Garb & Corncob November 2018 Mini-Devlog

Hey everyone. A new month has started, meaning the time has come to post more info about Garb & Corncob. However, you may have noticed the sudden lack of development updates on my social media pages. Unfortunately, I have not been able to share any screenshots or the like for multiple reasons:

  1. Most of my work this month has gone towards behind-the-scenes efforts like commissioning assets from others and planning marketing materials.
  2. I got hit with a wave of illness towards the end of the month and needed to take some time to rest for my own well-being.
  3. There just isn’t too much more I can show at this point in development without spoiling various details about the game.

Taking this 3rd point into account, I intend to wait until more of the game is ready before I continue posting updates. I am actively developing the game, but I ultimately feel that the content currently being worked on should not be shown until it is closer to completion. I would explain further, but again, spoilers. Just know that the project is very much alive and I cannot wait to reveal more about it!

Thank you for your understanding. I hope you’ll stay tuned and look forward to what I’ve got in store!

Garb & Corncob October 2018 Devlog

The spooky month of October has come and gone. Unfortunately, development on Garb & Corncob slowed down this month, as I needed to focus on polishing up Package Handler VRI still managed to complete a few tasks, though, so let’s take a look at them!

Continuing with my focus on the game’s battle system, I started out the month by implementing win and lose screens. Previously, the game would simply cut to the overworld upon a win or to the main menu upon a loss. But with win and lose screens, these scene transitions appear much less jarring. The win screen currently just displays some win text, but in the future it will likely be updated to include a list of spoils from each battle. The lose screen, on the other hand, allows players to either restart the battle or return to the main menu and load previous save data. This screen also shows dead Corncob. Please do not allow Corncob to die.

Next, I implemented the AP & SP system. Previous screenshots included the UI elements for this point system, but functionality had not been programmed in until now. Players earn 1 AP and 1 SP for each successful standard attack. AP, or Attack Points, can then be used to execute stronger versions of standard attacks. SP, on the other hand, will be used for a mechanic that I intend to reveal much later down the line, as it will not become available until the second half of the game’s first area (and also because I like teasing).

That’s it as far as progress on the game itself goes, but I also began livestreaming work on concept art this month! Check out these 2 pieces of environmental concept art!

Yeah, they’re pretty scrappy, but concept art doesn’t have to be perfect!

Thanks for reading! I intend to continue work on the game’s battle system for the upcoming month, but I feel confident in saying that the basic mechanics are nearly complete. Be sure to tune in next month to see what progress I make!

Garb & Corncob September 2018 Devlog

After wrapping up development on Flewberry and moving back into college, I finally returned to development on Garb & Corncob! I spent this month continuing work on the battle system. Check out what I’ve accomplished!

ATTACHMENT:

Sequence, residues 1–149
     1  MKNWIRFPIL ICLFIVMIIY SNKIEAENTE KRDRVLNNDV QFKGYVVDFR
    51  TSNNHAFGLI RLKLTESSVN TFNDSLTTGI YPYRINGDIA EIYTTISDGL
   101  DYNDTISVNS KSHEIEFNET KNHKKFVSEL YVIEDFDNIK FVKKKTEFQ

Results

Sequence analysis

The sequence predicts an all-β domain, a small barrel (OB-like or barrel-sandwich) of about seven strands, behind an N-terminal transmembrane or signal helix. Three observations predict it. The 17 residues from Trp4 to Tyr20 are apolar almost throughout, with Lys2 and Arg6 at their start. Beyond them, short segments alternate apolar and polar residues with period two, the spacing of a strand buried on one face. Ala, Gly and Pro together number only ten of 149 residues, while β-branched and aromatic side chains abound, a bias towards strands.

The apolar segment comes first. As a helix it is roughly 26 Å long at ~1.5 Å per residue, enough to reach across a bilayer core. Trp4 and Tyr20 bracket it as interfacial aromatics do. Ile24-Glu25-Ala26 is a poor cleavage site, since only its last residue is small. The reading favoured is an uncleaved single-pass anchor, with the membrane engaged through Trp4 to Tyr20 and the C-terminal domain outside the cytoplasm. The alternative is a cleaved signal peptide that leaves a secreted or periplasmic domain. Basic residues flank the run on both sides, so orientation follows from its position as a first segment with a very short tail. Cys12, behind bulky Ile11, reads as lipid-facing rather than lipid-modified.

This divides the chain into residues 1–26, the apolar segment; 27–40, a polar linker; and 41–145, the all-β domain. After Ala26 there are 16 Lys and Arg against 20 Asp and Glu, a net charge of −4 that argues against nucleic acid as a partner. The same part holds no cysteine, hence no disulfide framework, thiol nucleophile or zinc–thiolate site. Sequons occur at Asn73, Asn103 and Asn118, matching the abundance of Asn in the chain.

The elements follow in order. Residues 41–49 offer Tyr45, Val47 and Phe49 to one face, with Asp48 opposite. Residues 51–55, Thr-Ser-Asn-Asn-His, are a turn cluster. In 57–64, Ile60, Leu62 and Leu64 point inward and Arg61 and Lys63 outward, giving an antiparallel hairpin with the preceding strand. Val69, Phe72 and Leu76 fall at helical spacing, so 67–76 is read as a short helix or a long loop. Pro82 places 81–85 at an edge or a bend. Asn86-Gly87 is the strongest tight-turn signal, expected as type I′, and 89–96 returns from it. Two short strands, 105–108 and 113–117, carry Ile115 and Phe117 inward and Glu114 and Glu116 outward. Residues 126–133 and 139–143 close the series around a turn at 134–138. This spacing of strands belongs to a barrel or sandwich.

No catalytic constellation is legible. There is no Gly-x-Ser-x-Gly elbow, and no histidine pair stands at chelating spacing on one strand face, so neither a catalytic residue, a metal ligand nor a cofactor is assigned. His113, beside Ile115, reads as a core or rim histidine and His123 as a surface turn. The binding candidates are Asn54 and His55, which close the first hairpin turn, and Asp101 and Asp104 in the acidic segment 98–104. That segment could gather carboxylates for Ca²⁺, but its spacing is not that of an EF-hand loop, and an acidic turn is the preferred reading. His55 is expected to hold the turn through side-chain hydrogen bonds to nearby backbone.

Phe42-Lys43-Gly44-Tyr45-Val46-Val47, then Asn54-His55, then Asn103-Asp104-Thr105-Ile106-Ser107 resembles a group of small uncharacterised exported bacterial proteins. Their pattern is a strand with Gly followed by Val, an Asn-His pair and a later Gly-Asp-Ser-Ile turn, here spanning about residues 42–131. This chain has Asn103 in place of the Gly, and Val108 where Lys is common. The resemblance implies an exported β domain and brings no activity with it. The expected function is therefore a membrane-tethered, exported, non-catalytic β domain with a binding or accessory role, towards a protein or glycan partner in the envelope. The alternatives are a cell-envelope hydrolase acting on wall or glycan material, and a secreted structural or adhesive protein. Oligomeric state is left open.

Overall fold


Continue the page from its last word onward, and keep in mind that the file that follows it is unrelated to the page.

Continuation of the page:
I previously discussed the game’s 4 planned status effects. I implemented 3 of these effects at the beginning of the month: depression, stun, and burn. At this point, status effects would not expire over time, which lead to the humorous issue of Corncob being permanently stunned.

I then implemented the 4th status effect – yucky – and implemented status effect expiration. I also heavily optimized the code for handling fighters in battle. I originally used separate scripts for Corncob and enemies, but I realized that much of the code contained in these scripts applied to all fighters, regardless of side, so I combined this shared code into a single script. Of course, some of the code remained exclusive to either Corncob or enemies; so I kept the separate Corncob and enemy scripts and simply derived them from the script containing the shared code.

With status effects working for Corncob and the 2 fighter types linked, implementing status effects for enemies was a snap! I only had to make minor changes due to the differences between how Corncob and enemies perform actions (Corncob reads player input, while enemies randomly select an action from their repertoire).

For organizational purposes, I sketched up some custom icons for my enemy and action scriptable objects. I have these 2 types of objects stored together, but they originally shared Unity’s default scriptable object icon, making the assets a bit difficult to navigate. Luckily, setting custom icons in Unity simply entails placing a specifically-named image into the Gizmos folder. Now I can easily determine the 2 object types from each other. You know what they say: neatness counts!

Unfortunately, spending time setting up my Twitch channel and dealing with illness left the latter half of September devoid of screenshots. But fear not! Work is still getting done, albeit at a slower pace right now do to this little hiccup. For now, I am continuing to implement battle mechanics. Once the battle system is done, I plan on fixing up a few things based on what I learned during Flewberry‘s development, and then I will dive into creating the game’s boss battles, which will function a tad differently than regular battles. So get hyped and stay tuned as I work to bring these plans to fruition!

Garb & Corncob June 2018 Devlog

The month of June has ended, so it’s time for another Garb & Corncob devlog! Last month, I completed the game’s cutscene system. Proceeding as planned, I shifted my development focus to tweaking the game’s battle system. Up until this month, I had only shown off the game’s overworld system, but I actually developed the battle system before the overworld when development began back in January and I was following a series of tutorials by xOctoManx. As you’ll see below, I held off on revealing the battle system due to the hand-drawn graphics appearing far more incomplete than those of the pixel-art overworld. Gotta make a good first impression, after all!